is then wiped down with a solvent such as turpentine to
remove all grease from the surface.
To print a lithograph, the printer flushes the surface with
water, which is absorbed by the undrawn area but the
greasy drawn area rejects. The printer then applies oil-base
ink with a roller, and since water will not unite with oil the
ink sticks only to the grease and thereby forms the image
that can be pressure transferred to paper.
In a more modern, mechanized process called "Offset
lithography," the image to be printed is photographically
applied to a metal plate that is then mounted onto the roller
of a printing press. Ink is applied to the plate, transferred to
a rubber roller called a "blanket" and from the blanket onto
paper. Offset lithography is today the most widely used
method of printing.
Because the older method brings paper and printing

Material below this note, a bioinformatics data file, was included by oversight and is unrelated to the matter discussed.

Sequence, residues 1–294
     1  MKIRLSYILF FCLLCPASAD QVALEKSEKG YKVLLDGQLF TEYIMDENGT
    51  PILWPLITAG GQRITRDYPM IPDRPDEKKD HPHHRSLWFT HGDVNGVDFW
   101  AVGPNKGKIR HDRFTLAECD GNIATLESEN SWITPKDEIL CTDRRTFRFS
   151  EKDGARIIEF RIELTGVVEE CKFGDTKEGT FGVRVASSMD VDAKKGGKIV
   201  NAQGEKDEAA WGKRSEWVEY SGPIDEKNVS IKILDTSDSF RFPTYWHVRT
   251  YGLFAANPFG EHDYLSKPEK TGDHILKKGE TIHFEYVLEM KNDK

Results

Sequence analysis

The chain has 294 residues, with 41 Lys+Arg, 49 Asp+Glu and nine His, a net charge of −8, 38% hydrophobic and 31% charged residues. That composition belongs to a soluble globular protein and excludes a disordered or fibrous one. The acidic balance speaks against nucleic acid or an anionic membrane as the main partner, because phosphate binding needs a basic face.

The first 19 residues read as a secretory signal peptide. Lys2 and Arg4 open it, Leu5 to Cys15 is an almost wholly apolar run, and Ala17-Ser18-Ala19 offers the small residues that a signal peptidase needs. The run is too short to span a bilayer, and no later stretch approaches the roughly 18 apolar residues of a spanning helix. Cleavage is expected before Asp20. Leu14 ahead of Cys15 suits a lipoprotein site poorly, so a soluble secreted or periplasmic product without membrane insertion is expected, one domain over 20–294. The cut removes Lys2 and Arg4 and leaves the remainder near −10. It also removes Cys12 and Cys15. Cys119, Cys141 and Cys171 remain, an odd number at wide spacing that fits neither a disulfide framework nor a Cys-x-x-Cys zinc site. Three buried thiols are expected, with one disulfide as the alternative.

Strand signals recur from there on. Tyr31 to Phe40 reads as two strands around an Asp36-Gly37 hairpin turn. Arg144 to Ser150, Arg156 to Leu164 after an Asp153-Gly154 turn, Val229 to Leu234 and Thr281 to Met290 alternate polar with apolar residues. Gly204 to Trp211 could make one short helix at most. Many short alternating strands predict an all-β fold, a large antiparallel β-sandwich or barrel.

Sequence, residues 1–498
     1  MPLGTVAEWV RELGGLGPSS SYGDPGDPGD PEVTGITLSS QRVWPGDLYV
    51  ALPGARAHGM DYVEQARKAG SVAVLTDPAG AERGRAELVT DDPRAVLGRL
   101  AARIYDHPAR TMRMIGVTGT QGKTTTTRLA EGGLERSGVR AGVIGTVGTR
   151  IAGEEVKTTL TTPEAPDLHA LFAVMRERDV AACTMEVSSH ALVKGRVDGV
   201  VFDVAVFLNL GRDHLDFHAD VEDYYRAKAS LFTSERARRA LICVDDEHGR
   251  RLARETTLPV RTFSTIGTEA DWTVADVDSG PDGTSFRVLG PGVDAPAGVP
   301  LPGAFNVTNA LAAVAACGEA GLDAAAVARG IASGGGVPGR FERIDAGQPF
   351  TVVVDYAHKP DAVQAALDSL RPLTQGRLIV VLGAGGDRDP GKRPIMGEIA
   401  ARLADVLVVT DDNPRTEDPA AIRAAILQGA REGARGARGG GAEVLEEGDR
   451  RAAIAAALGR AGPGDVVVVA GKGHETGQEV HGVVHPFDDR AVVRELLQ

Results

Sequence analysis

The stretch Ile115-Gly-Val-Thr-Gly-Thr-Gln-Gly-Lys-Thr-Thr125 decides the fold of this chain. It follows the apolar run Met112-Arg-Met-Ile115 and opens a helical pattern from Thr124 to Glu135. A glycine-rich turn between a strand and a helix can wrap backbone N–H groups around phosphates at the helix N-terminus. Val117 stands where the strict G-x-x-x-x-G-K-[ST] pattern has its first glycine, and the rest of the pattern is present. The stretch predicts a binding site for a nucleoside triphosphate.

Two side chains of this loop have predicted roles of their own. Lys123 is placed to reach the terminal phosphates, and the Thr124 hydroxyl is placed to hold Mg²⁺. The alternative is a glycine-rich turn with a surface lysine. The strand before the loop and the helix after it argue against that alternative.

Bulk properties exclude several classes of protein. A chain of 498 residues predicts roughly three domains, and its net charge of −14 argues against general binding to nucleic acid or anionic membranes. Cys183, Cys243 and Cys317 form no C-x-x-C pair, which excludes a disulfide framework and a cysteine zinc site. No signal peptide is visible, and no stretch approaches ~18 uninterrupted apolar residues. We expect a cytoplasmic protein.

plate into direct contact with one another, the plate suffers a
certain degree of wear as each copy is pulled and this is why
low-number prints and artist proofs traditionally have been
more desirable than copies made toward the end of the
press run. Plate-wear is not a significant factor in offset
lithography so there is no longer any actual difference in
quality between the first print of an edition and the last one.
Lost Wax Process- Clay to wax to bronze--the lost wax
process is a method for changing a sculpture made of soft
clay into a harder material such as bronze. Changing the
clay to bronze involves two molds for each sculpture. The
first mold (made of plaster and rubber) yields a wax cast of
the sculpture. The hand pouring of the wax determines the
thickness, and therefore the weight, of the final bronze.
Immersing the wax cast in a liquid ceramic material forms
the basis of the second mold. When hardened, the material
can withstand the high temperature of the molten bronze.
Next, the mold is heated until the wax melts out or
disappears. Because the wax disappears, it becomes "lost
wax" as the name of the process implies. The resulting